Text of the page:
900 Hennepin Avenue
Minneapolis, MN 55403-1805
September 16, 2010
$150 per person inclusive
Tickets available August 12, 2010
Visa Signature Price:
$130 per person inclusive
Visa Signature® tickets available August 9, 2010
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HOST VENUE - Solera Restaurant
Food & Wine hailed Solera as one of the world's top 10 new restaurants. Bring your friends & find out why. Share several of our more than 40 tapas deliciously inspired by the tastes of Spain.
Vibrant mosaics, contemporary sculpture, curving booths, floating glass light fixtures--everything about this art nouveau-styled space indicates it's not your average tapas bar. A youthful, high-energy crowd keeps the vibe bouncing. La Belle Vie's Josh Thoma and Tim McKee have outdone themselves creating artful, flavor-savvy cuisine. Entrees such as garlicky roasted monkfish and strip loin with mushrooms are finely executed, but it's the 40-plus small plates arriving like mini-masterpieces that are the showstoppers.
GUEST CELEBRITY CHEF - Susur Lee
One might suspect that internationally acclaimed Chef Susur Lee was born with a spoon in his mouth- but that would be a tasting spoon, not a silver one. From his inauspicious beginnings as a 15-year-old apprentice at Hong Kong's swell-egant hotels, to his current Atlas's stride atop the fickle universe of celebrity chef-dom, Susur Lee has never deviated from a consuming passion: to explore beyond the horizons of received culinary knowledge, and to create unique, sublime compositions for the palate that blend textures and flavours in sensuous harmony. Juxtaposing the complex food traditions of China with the classical techniques of French cuisine, Chef Lee improvises a daring and original aesthetic. From the moment he opened the doors in 1987 to his 12-table restaurant, Lotus, in a pre-gentrified Toronto quartier bordering the espresso bars of Little Italy, Susur Lee has seduced his audiences and tongue-tied food critics from The New York Times to Art Culinaire with menus of astonishing artistry. Courvoisier's Book of the Best proclaimed Lotus the finest restaurant in the country and Susur Lee a leading young chef among Toronto's "nouvelle vague". Zagat unabashedly pronounced him "a culinary genius."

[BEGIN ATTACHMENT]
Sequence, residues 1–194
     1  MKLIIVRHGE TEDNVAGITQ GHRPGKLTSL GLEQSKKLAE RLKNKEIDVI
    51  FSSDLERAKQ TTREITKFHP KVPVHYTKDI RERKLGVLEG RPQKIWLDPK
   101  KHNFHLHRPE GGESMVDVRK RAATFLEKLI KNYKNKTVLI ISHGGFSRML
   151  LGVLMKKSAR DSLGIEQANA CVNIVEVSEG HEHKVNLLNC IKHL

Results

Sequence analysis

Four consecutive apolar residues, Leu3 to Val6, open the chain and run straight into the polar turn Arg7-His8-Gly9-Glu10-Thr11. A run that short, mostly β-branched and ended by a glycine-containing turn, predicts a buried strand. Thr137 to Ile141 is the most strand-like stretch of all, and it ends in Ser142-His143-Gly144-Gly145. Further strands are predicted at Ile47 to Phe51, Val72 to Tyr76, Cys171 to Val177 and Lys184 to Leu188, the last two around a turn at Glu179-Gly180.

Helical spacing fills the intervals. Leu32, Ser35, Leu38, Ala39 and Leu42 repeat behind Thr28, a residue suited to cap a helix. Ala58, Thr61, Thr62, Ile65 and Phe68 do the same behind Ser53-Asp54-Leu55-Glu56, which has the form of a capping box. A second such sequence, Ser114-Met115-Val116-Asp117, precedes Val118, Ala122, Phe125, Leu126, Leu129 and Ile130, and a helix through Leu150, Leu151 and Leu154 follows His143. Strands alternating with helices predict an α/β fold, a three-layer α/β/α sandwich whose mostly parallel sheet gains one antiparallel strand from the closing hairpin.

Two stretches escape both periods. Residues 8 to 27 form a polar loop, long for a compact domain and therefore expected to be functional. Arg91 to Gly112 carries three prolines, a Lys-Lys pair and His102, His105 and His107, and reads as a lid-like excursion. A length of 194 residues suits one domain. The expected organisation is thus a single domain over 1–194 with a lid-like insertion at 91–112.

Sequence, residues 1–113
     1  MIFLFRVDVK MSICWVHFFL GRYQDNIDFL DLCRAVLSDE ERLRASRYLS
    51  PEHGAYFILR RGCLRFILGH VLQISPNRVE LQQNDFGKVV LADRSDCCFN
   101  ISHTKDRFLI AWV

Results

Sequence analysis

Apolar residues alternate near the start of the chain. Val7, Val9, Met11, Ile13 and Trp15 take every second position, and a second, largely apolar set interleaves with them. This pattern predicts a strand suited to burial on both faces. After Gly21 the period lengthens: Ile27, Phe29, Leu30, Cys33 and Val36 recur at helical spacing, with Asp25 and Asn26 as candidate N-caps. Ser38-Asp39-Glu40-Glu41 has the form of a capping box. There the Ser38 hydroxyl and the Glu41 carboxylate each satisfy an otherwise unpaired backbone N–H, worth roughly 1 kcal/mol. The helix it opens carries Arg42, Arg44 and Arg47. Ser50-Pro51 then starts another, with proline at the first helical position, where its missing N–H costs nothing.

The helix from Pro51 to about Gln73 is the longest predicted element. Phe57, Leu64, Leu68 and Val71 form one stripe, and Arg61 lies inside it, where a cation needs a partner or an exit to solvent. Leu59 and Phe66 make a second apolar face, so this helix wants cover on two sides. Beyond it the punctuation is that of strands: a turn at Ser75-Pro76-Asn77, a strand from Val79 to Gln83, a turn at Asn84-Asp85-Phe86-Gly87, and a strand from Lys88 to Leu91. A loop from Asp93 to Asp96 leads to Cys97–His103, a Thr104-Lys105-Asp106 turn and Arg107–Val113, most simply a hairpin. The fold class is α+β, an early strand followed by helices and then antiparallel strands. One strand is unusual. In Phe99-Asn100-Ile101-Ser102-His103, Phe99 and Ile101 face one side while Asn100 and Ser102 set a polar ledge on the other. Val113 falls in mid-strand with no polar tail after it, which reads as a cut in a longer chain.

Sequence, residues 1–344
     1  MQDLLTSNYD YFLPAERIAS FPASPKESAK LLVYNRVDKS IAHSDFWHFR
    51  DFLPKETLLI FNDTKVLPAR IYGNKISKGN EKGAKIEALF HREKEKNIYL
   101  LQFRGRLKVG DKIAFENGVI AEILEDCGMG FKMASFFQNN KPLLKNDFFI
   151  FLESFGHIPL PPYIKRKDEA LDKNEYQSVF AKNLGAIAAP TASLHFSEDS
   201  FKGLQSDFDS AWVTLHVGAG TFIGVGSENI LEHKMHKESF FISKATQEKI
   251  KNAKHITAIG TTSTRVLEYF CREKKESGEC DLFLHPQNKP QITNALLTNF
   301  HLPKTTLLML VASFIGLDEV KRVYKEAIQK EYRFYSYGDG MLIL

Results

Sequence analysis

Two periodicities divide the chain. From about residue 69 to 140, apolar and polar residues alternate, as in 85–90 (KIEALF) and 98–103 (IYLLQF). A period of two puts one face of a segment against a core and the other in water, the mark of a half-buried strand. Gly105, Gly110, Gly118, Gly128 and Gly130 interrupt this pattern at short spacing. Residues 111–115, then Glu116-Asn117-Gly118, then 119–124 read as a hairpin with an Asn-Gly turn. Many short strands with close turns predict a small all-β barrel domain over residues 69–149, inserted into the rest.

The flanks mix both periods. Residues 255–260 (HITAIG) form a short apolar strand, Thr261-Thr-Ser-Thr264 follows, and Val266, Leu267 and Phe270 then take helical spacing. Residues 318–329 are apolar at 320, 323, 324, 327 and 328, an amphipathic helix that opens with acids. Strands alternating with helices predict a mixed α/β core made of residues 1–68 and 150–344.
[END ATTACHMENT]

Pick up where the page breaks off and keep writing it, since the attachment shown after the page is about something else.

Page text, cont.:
Never content to rest on his laurel, Susur shuttered Lotus after a decade of sustained full bookings and glowing reviews, and decamped to Asia for a "re-energizing" period. During the following three years he served as head chef for the exclusive Club Chinoise in Singapore and consulted to the Tung Lok Group, tweaking the menus of 17 restaurants, launching new ones and overseeing 45 chefs
Returning to Toronto, Chef Lee drew up plans for a home kitchen in a new and expansive gastro-dome, Susur, which opened in 2000 in the hip downtown enclave of Toronto's King Street West. The restaurant immediately earned accolades from such industry heavy-weights as Food & Wine magazine, which heralded Susur Lee as one of the "Ten Chefs of the Millenium" in the company of Ferran Adria of Bulli and Pierre Gagnaire, and Gourmet magazine, which proclaimed him "an improvisational artist." Since its debut, "Susur" has consistently received the highest possible ranking from taste-maker Toronto Life, while visiting celebrities, sports stars and political personalities make repeat pilgrimages to its dining room.